Imagine you’re planning a trip for a friend.
You have a vague notion about her, but haven’t bothered asking much about her interests, motivations or preferences.
You know where you want to send her, and a general sense of the route you’d like her to take, but beyond that you haven’t given it much thought.
You scribble down where you want your friend to end up, hand it to her and say, “Go.”
What do you think the chances are that she'll either enjoy the journey or arrive somewhere she actually likes?
Pretty low right. In fact, the result of all this is that she might never trust your decision making again.
While this unlikely plot is perfect for a bad reality television show, it’s what happens when otherwise forward-thinking companies skip mapping the customer journey.
When you consider that Customer Experience (CX) is predicted to take over price and product as a key brand differentiator in just a couple years time (by 2020) and that research shows 91% of customers who have a bad experience with your company won’t consider giving you a second chance, it’s clear understanding your buyer’s journey is critical to creating and maintaining your competitive edge.
A customer journey map - or sales funnel, or marketing funnel - tells the story, both in words and visually, of the path your clients take from initial contact through all engagement touchpoints and on through to a long-term relationship. It supports key business goals and helps you easily visualize the complete process that a person goes through to get from your company what he or she wants or needs over time.
Hint: You don’t steer the customer experience; your client drives the process. And the journey isn’t always linear. As you research and document results, you’ll discover many unexpected, alternate routes, deterrents (pain points, challenges) and even roadblocks that will help you adjust your systems, processes and options for a smoother journey.
By the end of this post, you’ll be able to confidently develop a customer journey map where each client touchpoint is clear, and everyone in your company can use to get on track to better serve your audience, beat your competition and improve your bottom line.
The Benefits Of Mapping Your Customer Journey
The digital age has been a boon in many ways, with multiple opportunities for companies and brands to directly connect with their target audiences in increasingly personal ways. This is also a double-edge sword, as Salesforce points out, 70% of consumers say technology has made it easier than ever before to take their business elsewhere.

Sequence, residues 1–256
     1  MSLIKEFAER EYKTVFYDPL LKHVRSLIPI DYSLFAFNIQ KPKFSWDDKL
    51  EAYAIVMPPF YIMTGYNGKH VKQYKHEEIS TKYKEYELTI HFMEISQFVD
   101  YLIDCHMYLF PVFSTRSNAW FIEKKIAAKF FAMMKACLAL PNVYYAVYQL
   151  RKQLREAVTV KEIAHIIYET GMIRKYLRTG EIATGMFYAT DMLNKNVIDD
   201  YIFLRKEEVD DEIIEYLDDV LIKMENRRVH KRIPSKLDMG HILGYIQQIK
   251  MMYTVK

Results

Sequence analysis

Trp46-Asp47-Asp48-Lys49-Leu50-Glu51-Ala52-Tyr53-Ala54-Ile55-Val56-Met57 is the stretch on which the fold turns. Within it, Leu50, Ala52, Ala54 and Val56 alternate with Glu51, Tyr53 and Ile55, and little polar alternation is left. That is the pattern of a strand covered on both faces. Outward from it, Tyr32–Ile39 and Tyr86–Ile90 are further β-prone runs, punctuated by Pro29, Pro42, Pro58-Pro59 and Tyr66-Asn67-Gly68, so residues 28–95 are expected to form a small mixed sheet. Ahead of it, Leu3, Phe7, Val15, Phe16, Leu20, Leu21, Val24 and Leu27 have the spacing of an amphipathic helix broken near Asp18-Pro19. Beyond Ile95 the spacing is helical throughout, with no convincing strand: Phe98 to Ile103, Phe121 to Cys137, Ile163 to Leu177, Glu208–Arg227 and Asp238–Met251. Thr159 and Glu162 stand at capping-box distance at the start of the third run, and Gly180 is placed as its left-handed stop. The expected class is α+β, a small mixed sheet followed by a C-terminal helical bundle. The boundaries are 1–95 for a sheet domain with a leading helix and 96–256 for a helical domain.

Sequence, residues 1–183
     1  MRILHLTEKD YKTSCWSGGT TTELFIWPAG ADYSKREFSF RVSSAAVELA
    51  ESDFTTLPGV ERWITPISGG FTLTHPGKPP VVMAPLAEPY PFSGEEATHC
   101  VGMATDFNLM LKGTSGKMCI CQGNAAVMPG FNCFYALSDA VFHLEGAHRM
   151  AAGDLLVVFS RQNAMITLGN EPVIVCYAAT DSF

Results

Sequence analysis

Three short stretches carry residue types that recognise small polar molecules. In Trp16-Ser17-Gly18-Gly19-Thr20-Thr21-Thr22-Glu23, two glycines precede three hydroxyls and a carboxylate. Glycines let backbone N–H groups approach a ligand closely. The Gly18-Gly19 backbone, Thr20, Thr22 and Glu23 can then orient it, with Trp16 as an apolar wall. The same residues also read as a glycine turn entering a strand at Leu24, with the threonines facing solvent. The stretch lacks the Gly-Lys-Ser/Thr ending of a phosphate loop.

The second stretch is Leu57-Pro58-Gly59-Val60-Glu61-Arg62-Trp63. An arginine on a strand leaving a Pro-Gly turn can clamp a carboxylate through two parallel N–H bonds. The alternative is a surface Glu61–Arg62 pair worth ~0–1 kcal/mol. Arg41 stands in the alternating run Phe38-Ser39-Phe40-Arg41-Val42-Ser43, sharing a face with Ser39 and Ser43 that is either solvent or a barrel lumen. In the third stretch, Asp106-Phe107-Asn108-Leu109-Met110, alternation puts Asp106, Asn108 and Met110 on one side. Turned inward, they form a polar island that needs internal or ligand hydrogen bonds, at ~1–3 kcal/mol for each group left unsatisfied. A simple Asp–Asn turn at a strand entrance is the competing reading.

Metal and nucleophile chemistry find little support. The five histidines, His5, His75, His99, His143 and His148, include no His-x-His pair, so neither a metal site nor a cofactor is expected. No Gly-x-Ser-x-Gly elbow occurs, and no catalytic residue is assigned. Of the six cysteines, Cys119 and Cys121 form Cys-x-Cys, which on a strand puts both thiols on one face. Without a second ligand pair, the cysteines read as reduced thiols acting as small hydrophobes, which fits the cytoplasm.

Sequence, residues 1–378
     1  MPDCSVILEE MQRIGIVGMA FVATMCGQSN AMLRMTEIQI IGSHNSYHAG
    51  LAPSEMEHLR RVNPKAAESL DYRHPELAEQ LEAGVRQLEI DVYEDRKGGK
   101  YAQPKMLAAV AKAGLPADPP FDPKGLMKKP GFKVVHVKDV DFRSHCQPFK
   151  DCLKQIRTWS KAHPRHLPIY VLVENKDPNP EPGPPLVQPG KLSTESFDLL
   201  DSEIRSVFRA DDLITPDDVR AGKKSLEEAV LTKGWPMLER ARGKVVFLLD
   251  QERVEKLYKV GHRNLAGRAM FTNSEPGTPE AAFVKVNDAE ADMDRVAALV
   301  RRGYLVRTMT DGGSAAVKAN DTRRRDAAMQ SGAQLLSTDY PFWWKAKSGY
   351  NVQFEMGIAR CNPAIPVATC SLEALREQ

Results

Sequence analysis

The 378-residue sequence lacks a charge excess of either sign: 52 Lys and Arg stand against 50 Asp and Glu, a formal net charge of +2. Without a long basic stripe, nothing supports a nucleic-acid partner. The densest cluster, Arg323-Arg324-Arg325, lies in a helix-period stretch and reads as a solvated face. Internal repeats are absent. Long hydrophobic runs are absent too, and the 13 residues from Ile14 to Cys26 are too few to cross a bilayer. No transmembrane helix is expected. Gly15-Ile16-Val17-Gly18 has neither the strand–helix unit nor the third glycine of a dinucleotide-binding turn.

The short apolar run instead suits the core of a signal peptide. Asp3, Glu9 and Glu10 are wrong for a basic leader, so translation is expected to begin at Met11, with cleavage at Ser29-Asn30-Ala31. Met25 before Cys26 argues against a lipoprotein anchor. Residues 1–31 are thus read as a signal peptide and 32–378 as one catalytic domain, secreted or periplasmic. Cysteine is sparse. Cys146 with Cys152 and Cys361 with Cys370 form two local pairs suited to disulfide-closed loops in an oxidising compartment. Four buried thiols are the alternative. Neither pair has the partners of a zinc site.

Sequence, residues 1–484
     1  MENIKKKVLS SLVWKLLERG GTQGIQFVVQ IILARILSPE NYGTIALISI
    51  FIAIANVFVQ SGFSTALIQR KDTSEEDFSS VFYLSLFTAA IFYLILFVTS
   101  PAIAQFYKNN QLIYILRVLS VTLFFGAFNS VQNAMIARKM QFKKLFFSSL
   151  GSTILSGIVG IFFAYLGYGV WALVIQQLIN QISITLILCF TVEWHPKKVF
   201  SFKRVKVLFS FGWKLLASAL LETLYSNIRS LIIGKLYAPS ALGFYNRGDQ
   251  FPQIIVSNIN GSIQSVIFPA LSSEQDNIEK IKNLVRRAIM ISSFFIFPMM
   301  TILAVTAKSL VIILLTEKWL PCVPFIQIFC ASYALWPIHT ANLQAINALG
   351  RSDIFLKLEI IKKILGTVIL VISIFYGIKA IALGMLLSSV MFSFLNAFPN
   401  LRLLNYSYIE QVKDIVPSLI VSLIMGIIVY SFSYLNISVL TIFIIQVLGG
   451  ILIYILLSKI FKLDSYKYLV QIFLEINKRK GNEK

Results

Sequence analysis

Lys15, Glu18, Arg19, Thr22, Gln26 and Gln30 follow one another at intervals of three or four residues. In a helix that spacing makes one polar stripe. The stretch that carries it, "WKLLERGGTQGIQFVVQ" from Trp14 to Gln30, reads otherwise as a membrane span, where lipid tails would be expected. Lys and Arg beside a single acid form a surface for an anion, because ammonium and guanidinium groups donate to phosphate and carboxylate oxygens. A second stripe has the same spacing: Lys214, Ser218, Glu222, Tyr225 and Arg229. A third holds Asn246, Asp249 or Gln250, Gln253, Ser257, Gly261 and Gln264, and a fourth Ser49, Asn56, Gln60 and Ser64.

Today’s buyers expect (and demand) a seamless, intuitive, instantaneously responsive experience. If they can’t find what they need, or worse, when they’re frustrated or confused and find themselves repeating their concerns to service reps in different departments or via different channels, then your buyer’s journey will likely proceed from your company to one of your competitors.
This is where customer journey mapping comes in, and benefits include:
- Reinforcement of customer touchpoints that work – and clarity around those that don’t.
- A client-focused perspective derived from the actual, authentic actions, thoughts and emotions of people who interact with your company or brand (vs. what your internal team thinks customers should experience).
- A clearer flow and ordering of the customer experience, including where things break down – and it can be as nuanced as a mobile vs. desktop experience, or a channel-specific disconnect, such as contacting your company through social channels vs. through your website.
- Better collaboration between departments/silos to address pervasive customer pain points and user challenges.
- The development of a unified, company-wide, customer-centric vision and mission.
- Identification of gaps in ownership of key touchpoints and/or a reassignment of responsibility if appropriate.
- Insight into why certain tools, products or services are underutilized or overlooked by customers.
- Inspiration for new products or services to better meet customer expectation/demand.
- Renewed focus on what matters most to your customers, with clear indications on how you can maximise efficiency and effectiveness.
How To Map the Customer Journey
As you embark on your journey to map the customer experience, remember to take in the rich landscape – the context – as you plot your points. So strap in for a creative ride, and don’t be afraid to let go of the wheel and truly let your customers steer.
Step 1: Know Who’s Driving By Creating Your Customer Avatars
Knowing your audience is marketing 101; to do so, you’ll need to create a customer avatar, which is a fictional, composite character that reflects the key attributes of your audience. (You can find out how to create a customer avatar in 5 easy steps here.) Keep in mind that many businesses have more than one avatar, which in turn will result in more than one customer journey.